Reduced metabolism and/or elimination of the drug
Drug sensitivity can be increased
What are the treatment options when the kidneys fail?
Artificial pump in system to keep at high enough pressure
Gets rid of waste products in blood over artificial membrane
Enters back into venous system
A fistula has to be created between an artery and vein
How often does haemodialysis have to be performed?
3 times a week
What are the advantages and disadvantages of haemodialysis?
Advantages: less responsibility, days off treatment
Disadvantages: travel to hospital/waiting, 'tied' to your dialysis time, restrictor on travel, restrictions on fluid and food intake
Approximately how many tablets per day do people on haemodialysis have to take?
What are the contraindications for haemodialysis?
Failed vascular access
What are some complications of haemodialysis?
Lines: infection, thrombosis, venous stenosis
Thrombosis, bleeding, access failure - steal syndrome
Feel chronically unwell
Describe peritoneal dialysis
Waste products cross semi-permeable peritoneal membrane into the peritoneal cavity
Can do 4-5 bags throughout the day (30 min each)
Or can do overnight
What are the advantages and disadvantages to peritoneal dialysis?
Advantages: independence, less fluid/food restrictions, fairly easy to travel, renal function may be better preserved
Disadvantages: frequent daily exchanges, responsibility of own care
Approximately how many medications does a patient on peritoneal dialysis have to take per day?
SC EPO injection
What are the contraindications for peritoneal dialysis?
Failure of peritoneal membrane
Adhesions, previous abdo surgery, hernia, stoma
Patient or carer unable to connect/disconnect themselves
Obese/large muscle mass
How often do patients on peritoneal dialysis get peritonitis?
Once every 20 months on average
Give some complications of peritoneal dialysis
Development of hernia
Describe home/nocturnal haemodialysis
Same as haemodialysis but at home and possibly overnight
Allows more dialysis hours so better clearance
Requires someone at home with you - as if it goes wrong you can bleed out v rapidly
What are the advantages of home haemodialysis?
Patient often feels better
Patient often needs fewer medications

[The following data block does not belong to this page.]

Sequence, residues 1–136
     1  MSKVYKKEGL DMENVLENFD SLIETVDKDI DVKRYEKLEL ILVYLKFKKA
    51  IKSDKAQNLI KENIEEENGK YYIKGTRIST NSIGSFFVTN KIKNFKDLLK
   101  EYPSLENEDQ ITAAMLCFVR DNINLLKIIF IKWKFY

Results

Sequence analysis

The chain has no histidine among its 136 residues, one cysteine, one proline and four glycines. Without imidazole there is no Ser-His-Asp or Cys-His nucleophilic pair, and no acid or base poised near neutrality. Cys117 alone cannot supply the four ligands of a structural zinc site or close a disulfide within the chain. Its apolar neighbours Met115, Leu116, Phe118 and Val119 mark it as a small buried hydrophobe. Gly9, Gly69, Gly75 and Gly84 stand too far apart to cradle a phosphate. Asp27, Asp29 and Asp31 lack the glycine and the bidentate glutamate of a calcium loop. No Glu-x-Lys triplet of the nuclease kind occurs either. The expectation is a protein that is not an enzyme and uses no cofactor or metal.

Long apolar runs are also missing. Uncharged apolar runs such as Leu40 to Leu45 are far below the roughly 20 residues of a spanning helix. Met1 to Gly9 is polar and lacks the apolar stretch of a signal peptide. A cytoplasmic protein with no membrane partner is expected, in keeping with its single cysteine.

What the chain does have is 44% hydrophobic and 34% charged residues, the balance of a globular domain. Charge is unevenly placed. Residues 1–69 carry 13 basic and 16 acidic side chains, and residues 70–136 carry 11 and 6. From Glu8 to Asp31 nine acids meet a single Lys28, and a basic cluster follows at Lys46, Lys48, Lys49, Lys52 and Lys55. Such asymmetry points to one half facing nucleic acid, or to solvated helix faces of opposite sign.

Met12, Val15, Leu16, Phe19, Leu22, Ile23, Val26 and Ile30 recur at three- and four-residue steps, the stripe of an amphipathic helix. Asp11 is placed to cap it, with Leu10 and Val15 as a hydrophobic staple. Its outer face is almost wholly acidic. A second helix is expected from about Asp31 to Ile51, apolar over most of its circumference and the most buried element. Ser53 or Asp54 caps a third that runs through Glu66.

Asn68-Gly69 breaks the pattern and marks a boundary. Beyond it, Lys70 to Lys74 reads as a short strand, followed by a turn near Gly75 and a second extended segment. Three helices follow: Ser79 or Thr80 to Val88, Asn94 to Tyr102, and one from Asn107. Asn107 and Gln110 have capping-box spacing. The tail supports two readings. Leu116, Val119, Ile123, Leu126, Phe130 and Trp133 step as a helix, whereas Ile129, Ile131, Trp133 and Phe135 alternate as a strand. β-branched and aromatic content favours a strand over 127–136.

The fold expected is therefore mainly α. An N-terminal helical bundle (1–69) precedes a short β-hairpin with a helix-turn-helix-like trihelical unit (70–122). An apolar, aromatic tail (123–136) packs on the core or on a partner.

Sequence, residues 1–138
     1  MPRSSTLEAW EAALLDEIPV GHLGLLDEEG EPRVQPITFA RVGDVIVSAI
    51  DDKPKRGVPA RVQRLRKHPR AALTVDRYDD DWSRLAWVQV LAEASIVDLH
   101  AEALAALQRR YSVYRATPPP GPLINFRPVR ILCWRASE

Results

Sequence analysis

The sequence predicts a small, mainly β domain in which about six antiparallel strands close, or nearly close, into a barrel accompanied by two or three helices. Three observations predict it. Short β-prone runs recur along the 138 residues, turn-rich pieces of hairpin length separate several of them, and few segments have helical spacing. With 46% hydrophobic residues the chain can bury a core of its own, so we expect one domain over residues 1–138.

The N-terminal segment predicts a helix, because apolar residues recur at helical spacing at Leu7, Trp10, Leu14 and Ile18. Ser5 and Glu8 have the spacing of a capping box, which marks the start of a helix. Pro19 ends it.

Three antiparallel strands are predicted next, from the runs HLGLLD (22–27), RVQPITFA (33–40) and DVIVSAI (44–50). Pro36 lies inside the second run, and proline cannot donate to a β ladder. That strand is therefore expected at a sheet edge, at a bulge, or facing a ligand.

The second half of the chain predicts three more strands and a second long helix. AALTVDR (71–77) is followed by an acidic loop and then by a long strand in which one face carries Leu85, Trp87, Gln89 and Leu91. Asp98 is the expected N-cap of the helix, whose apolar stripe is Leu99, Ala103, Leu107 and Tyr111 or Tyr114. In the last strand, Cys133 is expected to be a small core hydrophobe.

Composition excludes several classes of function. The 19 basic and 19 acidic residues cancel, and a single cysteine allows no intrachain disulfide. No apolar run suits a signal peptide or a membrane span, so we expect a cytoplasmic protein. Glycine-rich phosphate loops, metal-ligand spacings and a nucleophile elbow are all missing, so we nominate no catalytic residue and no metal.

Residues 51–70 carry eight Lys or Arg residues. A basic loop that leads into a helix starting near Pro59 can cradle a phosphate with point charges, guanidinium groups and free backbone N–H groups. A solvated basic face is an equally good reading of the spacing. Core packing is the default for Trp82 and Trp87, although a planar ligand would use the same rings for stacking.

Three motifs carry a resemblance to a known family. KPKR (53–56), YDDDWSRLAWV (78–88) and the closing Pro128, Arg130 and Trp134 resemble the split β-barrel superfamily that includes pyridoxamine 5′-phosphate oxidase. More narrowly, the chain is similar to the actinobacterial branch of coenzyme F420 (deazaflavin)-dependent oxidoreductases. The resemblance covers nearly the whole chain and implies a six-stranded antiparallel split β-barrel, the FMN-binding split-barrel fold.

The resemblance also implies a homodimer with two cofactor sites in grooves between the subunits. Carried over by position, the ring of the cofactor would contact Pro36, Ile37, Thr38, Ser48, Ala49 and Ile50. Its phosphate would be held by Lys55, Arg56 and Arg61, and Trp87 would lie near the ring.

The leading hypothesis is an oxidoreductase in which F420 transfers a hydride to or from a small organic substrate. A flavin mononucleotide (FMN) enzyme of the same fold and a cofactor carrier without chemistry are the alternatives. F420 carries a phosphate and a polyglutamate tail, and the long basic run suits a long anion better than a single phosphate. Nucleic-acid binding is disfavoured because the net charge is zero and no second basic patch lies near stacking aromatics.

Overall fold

Can pick your own schedule
Can do it overnight so doesn't interfere
Does a transplant have a higher or lower mortality/morbidity than dialysis?
Better quality of life too
For how long is the peri-operative risk after transplant?
What are the peri-operative risks of kidney transplant?
Dampening of immune system:
Risk of diabetes and hypertension from meds (steroids)
What vessels do they connect renal transplants to?
What are the different types of transplant?
Live donor (related or unrelated)
Deceased after brain death (DBD)
Deceased after circulatory death (DCD)
Kidney transplants are matched according to ...
Tissue match - blood type and HLA
Length of time on waiting list
What is the average wait for a kidney from a deceased donor?
What is the average life of the transplanted kidney from a live related donor?
What is the average life of the transplanted kidney from a live unrelated donor?
What is the average life of a transplanted kidney form a DBD donor?
How many immunosuppressants are you generally on after a kidney transplant?
What are the problems with being on immunosuppressants after a kidney transplant?
LOTS of side effects
Including being nephrotoxic
Dialysis tends to prolong survival by how long?
What is the average life expectancy of people diagnosed with ESRD aged 25-29 years?
18 years from diagnosis
What is the greatest killer in dialysis patients?
What is the greatest killer in transplant patients?
What is your daily fluid allowance if you are anuric and on dialysis?